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Terps at MIT for CUNY 2017

March 23, 2017 Linguistics

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Cambridge, Mass., hosts over 30 Terps past and present for CUNY.

March 30-April 1, Cambridge, Mass., hosts over 30 Terps past and present for CUNY, which features work by Jon Burnsky, Hanna Muller, Chia-Hsuan Liao, Lara Ehrenhofer, Nick Huang, and Zoe Schlueter; Alix Kowalski, Nina Hsu and Zoe Ovans; Colin Phillips, Ellen Lau and Jeffrey Lidz; Bob Slevc, Jared Novick and Yi Ting Huang; alumni Akira Omaki, Alexis Wellwood, Brian Dillon, Dan Parker, Dave Kush, Jon Sprouse, Juliana Gerard, Lisa Pearl, Masaya Yoshida, Matt Wagers, Shota Momma, Terje Lohndal and Wing-Yee Chow; former RAs and Baggetts Chris Hammerly, Julia Buffinton, Shayne Sloggett; former postdoc Ming Xiang; and past visitors Emily Darley, Jesse Harris, Matt Husband, and Natalia Slioussar.

Talks Brian Dillon, Caroline Andrews and Matt Wagers, A new argument for distinct, co-active parses during language comprehension Jon Burnsky, Emily Darley, Hanna Muller, Julia Buffinton and Colin Phillips, Interpreting negation in incomplete propositions Ming Xiang, Suiping Wang, Juanhua Yang and Bo Liang, Production bias, but not parsing complexity, predicts wh-scope comprehension preference Shayne Sloggett and Brian Dillon, Animacy in reflexive processing: when "it" matters more than verbs Shota Momma, Yashna Bowan and Victor Ferreira, Non-linear lexical planning in sentence production Zoe Schlueter, Dan Parker and Ellen Lau, (Mis)interpreting agreement attraction: Evidence from a novel dual-task paradigm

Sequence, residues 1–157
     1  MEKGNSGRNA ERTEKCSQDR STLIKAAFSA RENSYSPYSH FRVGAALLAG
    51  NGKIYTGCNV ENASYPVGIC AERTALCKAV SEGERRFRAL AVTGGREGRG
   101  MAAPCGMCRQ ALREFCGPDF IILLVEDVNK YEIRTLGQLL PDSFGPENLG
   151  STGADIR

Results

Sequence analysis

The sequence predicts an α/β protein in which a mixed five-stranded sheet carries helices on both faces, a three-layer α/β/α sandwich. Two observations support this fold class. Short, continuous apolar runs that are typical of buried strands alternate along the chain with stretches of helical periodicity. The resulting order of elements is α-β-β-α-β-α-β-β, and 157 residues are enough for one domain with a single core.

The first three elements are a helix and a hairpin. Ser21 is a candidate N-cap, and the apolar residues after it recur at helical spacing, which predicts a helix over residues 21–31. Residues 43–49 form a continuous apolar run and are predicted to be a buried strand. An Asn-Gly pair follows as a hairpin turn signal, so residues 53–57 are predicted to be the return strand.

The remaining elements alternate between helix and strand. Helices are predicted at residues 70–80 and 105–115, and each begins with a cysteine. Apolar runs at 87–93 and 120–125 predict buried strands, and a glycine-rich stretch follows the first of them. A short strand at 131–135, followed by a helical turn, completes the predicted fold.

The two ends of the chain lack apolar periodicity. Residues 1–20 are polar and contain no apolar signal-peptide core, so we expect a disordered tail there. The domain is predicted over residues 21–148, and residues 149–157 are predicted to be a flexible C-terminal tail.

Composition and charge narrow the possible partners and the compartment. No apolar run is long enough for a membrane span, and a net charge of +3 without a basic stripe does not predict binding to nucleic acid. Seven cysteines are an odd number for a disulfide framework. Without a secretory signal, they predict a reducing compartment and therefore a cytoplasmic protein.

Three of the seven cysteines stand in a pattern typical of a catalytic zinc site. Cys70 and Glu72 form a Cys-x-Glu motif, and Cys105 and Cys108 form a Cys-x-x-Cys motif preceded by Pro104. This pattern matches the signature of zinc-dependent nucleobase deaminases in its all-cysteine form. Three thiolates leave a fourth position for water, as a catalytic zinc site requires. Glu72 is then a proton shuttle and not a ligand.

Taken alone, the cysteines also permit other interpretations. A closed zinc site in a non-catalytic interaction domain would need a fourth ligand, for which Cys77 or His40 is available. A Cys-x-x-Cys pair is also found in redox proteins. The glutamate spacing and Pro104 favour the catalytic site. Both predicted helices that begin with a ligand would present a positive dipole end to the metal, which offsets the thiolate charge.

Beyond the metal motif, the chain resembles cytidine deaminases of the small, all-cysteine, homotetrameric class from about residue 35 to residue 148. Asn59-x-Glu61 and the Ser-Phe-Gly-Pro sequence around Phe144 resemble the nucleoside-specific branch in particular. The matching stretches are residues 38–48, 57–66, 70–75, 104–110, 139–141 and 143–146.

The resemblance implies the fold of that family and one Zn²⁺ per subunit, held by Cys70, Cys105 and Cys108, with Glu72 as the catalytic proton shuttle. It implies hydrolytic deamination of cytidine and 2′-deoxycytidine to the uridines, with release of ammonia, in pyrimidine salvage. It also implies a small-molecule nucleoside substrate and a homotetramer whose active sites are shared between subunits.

Posters Anne Ng and E. Matthew Husband, Interference effects across the at-issue/not-at-issue divide: Agreement and NPI licensing Carolyn Jane Lutken and Akira Omaki, What do you think why American children produce Russian wh-questions? Christopher Hammerly and Brian Dillon, Restricting domains of retrieval: Evidence for clause-bound processing from agreement attraction Dan Parker, Memory retrieval in sentence comprehension uses a non-linear cue combination rule Dan Parker, Selective agreement attraction effects: Not all phrases are equally attractive Dave Kush, Terje Lohndal and Jon Sprouse, (In-)consistent Island Effects in Norwegian? Ellen Lau and Chia-Hsuan Liao, Neural indices of active structure maintenance: ERP evidence from noun phrase coordination Jeffrey Geiger and Ming Xiang, Ellipsis in context: Identity and salience both drive interpretation Jesse Harris, Stephanie Rich and Ian Rigby, Predictability and misperception: An eye movement and ex-Gaussian analysis Jesse Harris and Stephanie Rich, Predicted analyses linger: The case for structural prediction with either-or structures. Jesse Harris, John Gluckman and Marju Kaps, Sloppy on the road to strict? Stereotypical gender and the interpretation of VP Ellipsis. K.J. Savinelli, Gregory Scontras and Lisa Pearl, Context management vs. grammatical processing in children's scope ambiguity resolution Lara Ehrenhofer, Yi Ting Huang, Jeffrey Lidz and Colin Phillips, Word order does not influence German five-year-olds’ interpretation of passives Ming Xiang, Chris Kennedy and Allison Kramer, Semantic adaptation and its time course: an investigation of gradable adjectives Natalia Slioussar and Daria Chernova, Resolving attachment ambiguity: forget case, but remember number! Nayoun Kim, Alexis Wellwood and Masaya Yoshida, Online Processing of wh-adjuncts Nayoun Kim, Laurel Brehm and Masaya Yoshida, Retrieving the structural and lexical content of wh-fillers: an attraction effect Nazbanou Nozari, Akira Omaki, Jessa Sahl and Zoe Ovans, Attentional resource allocation in children’s subject-verb agreement production Nick Huang and Colin Phillips, A "missing NP illusion" in Mandarin Chinese doubly center-embedded sentences Shota Momma, L. Robert Slevc, Rebecca Kraut and Colin Phillips, Timing of syntactic and lexical priming reveals structure-building mechanisms in production Sol Lago, Martina Gračanin-Yuksek, Duygu Şafak, Orhan Demir and Bilal Kırkıcı, Contextual and syntactic information jointly affect the processing of Turkish anaphors Steven Foley and Matt Wagers, Subject gaps are still easiest: relative clause processing and Georgian split ergativity Wing-Yee Chow, Heavy NP shift really is the parser’s last resort Wing-Yee Chow and Patrick Sturt, Predictive pressures do not override the effects of verb bias in syntactic parsing Yi Ting Huang, Nina Hsu, Elinora Leonard, Juliana Gerard, Alix Kowalski and Jared Novick, Syntactic parsing with limited control: Effects on the kindergarten path Zoe Schlueter, Shota Momma and Ellen Lau, No grammatical illusion with L2-specific memory retrieval cues in agreement processing